, starting next week. I am super pumped! I will try to capture my experience here post and of course instagram is going to be a constant companion!

4. Am scheduled to do a few

photography projects

through the year that makes me happy.

5. I am hoping to, finally, attend

this stellar conference

organized by my very talented friends every year.

6. Wrote (with pencil and paper, yes!) down a nice long

list of recipe ideas

I want to execute and share on this blog over the next few months. Some of them involve

new techniques

that I am excited to experiment with. Some of them are cool ideas that need

collaboration with friends

and will also push my creative boundaries both in food and photography! I am looking forward to put them out here and find out what you think!

7. Realised I am plateauing a bit on my photography and need to push myself to the next level. I have a few ideas in mind and am curious to see how they take shape.

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Other things that make me happy, every day -

There is a

new life born every day and there is new hope

. Congrats to

Zita

and her boy friend on their gorgeous baby! The little boy makes me smile :)

I am incredibly proud of

Regula

; she not only perks me up with her food, but apparently

Jamie Oliver is smitten

too! She is his favorite blogger!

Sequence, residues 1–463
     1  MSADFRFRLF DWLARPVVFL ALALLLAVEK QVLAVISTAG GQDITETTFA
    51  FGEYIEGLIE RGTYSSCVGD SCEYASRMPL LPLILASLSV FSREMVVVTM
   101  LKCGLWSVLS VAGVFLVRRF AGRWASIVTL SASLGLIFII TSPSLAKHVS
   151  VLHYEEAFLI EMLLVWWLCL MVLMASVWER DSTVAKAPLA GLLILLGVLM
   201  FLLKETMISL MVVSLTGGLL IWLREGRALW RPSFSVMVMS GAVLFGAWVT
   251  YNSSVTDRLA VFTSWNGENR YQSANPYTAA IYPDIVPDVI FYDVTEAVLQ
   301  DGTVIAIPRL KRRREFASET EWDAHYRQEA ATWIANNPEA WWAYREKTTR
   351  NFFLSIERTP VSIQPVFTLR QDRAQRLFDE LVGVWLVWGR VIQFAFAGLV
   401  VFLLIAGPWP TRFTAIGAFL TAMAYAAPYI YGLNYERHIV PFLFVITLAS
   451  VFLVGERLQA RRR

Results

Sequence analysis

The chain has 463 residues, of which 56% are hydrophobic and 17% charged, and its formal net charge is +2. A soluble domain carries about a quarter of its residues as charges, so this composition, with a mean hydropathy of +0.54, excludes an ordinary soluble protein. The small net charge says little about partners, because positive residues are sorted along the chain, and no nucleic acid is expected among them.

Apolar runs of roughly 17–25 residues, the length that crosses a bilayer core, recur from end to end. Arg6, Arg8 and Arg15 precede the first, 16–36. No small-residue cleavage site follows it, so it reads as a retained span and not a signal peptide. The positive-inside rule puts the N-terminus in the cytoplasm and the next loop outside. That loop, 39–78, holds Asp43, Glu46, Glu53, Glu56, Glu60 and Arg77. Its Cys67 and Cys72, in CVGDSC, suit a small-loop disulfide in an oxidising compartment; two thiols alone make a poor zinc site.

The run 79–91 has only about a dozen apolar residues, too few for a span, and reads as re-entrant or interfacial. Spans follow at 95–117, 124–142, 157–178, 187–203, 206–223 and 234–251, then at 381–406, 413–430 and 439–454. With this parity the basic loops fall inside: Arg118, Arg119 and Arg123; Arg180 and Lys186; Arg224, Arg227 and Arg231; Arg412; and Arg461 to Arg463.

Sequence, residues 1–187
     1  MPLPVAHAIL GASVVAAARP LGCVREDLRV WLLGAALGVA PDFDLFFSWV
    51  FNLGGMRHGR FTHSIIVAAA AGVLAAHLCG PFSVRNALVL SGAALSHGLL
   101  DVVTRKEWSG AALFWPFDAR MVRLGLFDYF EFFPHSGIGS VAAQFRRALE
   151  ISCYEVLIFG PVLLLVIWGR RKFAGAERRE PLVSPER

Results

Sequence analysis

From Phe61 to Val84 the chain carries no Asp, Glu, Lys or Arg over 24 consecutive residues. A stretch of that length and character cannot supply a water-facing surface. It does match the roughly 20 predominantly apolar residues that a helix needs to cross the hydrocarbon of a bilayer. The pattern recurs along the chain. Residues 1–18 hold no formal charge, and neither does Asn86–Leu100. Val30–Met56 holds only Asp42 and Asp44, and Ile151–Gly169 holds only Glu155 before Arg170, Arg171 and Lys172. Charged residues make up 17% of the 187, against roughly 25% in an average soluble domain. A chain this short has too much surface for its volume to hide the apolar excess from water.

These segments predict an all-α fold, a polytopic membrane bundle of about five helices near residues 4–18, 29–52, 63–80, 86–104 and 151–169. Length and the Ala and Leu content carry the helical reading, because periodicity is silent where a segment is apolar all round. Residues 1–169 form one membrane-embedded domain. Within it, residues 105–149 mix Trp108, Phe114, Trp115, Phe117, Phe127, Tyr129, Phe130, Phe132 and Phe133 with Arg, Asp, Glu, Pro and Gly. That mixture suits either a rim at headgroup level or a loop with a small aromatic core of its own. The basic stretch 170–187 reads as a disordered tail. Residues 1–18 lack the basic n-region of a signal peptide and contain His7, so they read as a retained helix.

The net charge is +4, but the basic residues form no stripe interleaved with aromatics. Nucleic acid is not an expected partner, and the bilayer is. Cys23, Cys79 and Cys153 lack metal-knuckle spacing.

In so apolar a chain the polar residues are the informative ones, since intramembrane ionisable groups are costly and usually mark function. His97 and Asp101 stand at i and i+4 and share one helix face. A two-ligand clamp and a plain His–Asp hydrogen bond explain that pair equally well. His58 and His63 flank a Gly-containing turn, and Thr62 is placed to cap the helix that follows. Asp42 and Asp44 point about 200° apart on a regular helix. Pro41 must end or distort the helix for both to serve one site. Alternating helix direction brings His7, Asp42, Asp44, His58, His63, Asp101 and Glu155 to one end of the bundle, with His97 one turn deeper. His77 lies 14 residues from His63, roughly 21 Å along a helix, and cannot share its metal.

Hats off darling, and totally derserved! Regula's research into every recipe she shares and her absolute passion for British food is such an inspiration! Also check out

Regula and Bruno's interview

here; such creative minds and the article reflects it!

I am exhilarated to

have the love I want from those whom I want it from

. I don't know if I say it enough, know that you are appreciated for all the

little things

, the flowers, the walks, coffees, lunches and dinners, the phone calls...

the presence mean much

and I am incredibly grateful for it! :)

And, I am so thankful for the

power of language

, for how would we resolve without it! ;)

The flowers of my heart! Peonies

Ramp and Parmesan Tart for One

For the crust:

1/2 cup spelt flour

about 2 T cold butter

pinch of salt

pinch of cracked pepper

few tsp almond milk

1/2 tsp baking powder